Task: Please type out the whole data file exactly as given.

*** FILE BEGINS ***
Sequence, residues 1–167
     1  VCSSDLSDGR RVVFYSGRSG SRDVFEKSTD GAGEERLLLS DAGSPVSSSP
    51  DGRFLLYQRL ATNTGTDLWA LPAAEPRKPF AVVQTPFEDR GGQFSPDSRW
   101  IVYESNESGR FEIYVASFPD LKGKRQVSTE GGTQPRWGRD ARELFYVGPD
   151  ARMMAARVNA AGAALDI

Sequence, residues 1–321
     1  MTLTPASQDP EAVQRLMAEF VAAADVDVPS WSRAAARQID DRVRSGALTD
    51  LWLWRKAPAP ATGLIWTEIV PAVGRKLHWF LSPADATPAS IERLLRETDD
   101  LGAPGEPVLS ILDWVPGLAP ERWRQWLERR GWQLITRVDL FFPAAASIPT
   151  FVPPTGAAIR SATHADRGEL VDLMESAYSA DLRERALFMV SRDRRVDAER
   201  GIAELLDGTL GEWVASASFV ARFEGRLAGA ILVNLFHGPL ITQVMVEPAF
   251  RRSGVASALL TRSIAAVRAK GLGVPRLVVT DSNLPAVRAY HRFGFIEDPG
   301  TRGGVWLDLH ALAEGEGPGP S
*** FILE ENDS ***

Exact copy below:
Sequence, residues 1–167
     1  VCSSDLSDGR RVVFYSGRSG SRDVFEKSTD GAGEERLLLS DAGSPVSSSP
    51  DGRFLLYQRL ATNTGTDLWA LPAAEPRKPF AVVQTPFEDR GGQFSPDSRW
   101  IVYESNESGR FEIYVASFPD LKGKRQVSTE GGTQPRWGRD ARELFYVGPD
   151  ARMMAARVNA AGAALDI

Sequence, residues 1–321
     1  MTLTPASQDP EAVQRLMAEF VAAADVDVPS WSRAAARQID DRVRSGALTD
    51  LWLWRKAPAP ATGLIWTEIV PAVGRKLHWF LSPADATPAS IERLLRETDD
   101  LGAPGEPVLS ILDWVPGLAP ERWRQWLERR GWQLITRVDL FFPAAASIPT
   151  FVPPTGAAIR SATHADRGEL VDLMESAYSA DLRERALFMV SRDRRVDAER
   201  GIAELLDGTL GEWVASASFV ARFEGRLAGA ILVNLFHGPL ITQVMVEPAF
   251  RRSGVASALL TRSIAAVRAK GLGVPRLVVT DSNLPAVRAY HRFGFIEDPG
   301  TRGGVWLDLH ALAEGEGPGP S